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COVID-19 drugs persist in wastewater, may pose risk to aquatic organisms

UNIVERSITY PARK, Pa. — Certain drugs used to treat COVID-19 patients — including remdesivir, dexamethasone and antibiotics for associated bacterial…

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UNIVERSITY PARK, Pa. — Certain drugs used to treat COVID-19 patients — including remdesivir, dexamethasone and antibiotics for associated bacterial infections — persist through wastewater treatment and may occur in waterways at levels high enough to negatively affect aquatic organisms, according to a new study led by researchers at Penn State. The findings highlight the broad utility of wastewater surveillance as a tool for monitoring the effects of human health on water quality and ecosystem health.

Credit: Heather Preisendanz, Penn State

UNIVERSITY PARK, Pa. — Certain drugs used to treat COVID-19 patients — including remdesivir, dexamethasone and antibiotics for associated bacterial infections — persist through wastewater treatment and may occur in waterways at levels high enough to negatively affect aquatic organisms, according to a new study led by researchers at Penn State. The findings highlight the broad utility of wastewater surveillance as a tool for monitoring the effects of human health on water quality and ecosystem health.

According to Heather Preisendanz, associate professor of agricultural and biological engineering, Penn State, over-the counter and prescription-strength pharmaceuticals, including antibiotics and pain relievers, are excreted by humans, and many are known to persist through wastewater treatment plants and into nearby waterways, where they can negatively affect aquatic organisms.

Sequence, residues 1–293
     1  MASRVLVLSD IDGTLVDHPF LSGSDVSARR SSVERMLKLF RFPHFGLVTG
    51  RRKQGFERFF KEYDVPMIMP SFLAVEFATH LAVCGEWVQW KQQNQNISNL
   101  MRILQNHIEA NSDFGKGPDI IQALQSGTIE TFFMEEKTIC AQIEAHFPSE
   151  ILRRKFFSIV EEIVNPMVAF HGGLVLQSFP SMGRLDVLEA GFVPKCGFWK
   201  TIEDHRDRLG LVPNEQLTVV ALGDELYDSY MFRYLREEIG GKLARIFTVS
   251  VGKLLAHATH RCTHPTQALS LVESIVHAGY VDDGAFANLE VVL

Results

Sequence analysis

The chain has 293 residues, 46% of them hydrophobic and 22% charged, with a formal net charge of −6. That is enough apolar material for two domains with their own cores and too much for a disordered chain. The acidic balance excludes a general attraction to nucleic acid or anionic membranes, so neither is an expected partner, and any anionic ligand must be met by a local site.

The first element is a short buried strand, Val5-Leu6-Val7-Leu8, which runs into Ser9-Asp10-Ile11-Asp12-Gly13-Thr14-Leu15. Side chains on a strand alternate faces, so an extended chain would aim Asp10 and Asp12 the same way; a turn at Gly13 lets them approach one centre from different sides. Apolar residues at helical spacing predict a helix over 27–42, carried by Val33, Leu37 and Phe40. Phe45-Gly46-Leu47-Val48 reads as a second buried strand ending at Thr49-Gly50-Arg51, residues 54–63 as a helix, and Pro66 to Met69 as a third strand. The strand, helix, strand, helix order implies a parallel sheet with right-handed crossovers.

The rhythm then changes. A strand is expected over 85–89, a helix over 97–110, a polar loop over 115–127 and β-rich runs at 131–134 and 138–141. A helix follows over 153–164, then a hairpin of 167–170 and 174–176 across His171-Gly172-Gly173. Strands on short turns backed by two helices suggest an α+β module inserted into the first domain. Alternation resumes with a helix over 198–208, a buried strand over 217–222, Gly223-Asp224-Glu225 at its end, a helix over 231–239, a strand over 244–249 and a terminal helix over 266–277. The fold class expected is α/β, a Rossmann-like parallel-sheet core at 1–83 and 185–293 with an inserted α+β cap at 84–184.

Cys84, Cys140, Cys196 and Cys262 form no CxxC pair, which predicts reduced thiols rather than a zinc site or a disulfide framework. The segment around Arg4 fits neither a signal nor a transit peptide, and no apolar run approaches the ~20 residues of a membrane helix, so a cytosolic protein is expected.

“This knowledge spurred concerns that increased use of pharmaceuticals during the pandemic could also lead to increased concentrations of these drugs in wastewater treatment plant effluent and potentially harm aquatic life,” said Preisendanz.

The team — which included scientists from the U.S. Department of Agriculture — collected weekly influent (incoming) and effluent (outgoing) samples from two wastewater treatment plants in central Pennsylvania between May 2020 and May 2021. One of the sites includes a hospital in its service area.

The researchers analyzed the influent at both wastewater treatment plants for the virus SARS-CoV-2, as well as the influent and effluent for a variety of medications that may have been used to treat COVID-19. Their findings published in the Journal of Environmental Quality.

“People experiencing mild COVID-19 symptoms, but who are not severely ill to the point of needing hospitalization, have generally been recommended to treat their symptoms with pain relievers such as naproxen and acetaminophen,” said Preisendanz. “Meanwhile, antibiotics have been prescribed for patients who have COVID-19 complications leading to bacterial infections, and some hospitalized patients have been treated with remdesivir and dexamethasone.”

In their study, the researchers examined two over-the-counter fever reducer/pain relievers (acetaminophen and naproxen); five antibiotics (ampicillin, doxycycline, ofloxacin, sulfamethoxazole, and trimethoprim); two COVID-19 therapeutic agents (remdesivir and dexamethasone, which is used to reduce severe upper respiratory inflammation in patients on ventilators); and hydroxychloroquine, a malaria drug that was ultimately shown in clinical trials to be ineffective for treating COVID-19.

“It’s possible that the detection of these pharmaceuticals may increase with increasing detection of SARS-CoV-2,” said Preisendanz. “By analyzing wastewater for SARS-CoV-2 and various medications, valuable information regarding the well-being of entire communities may be gained without the need to interview, survey or test individuals.”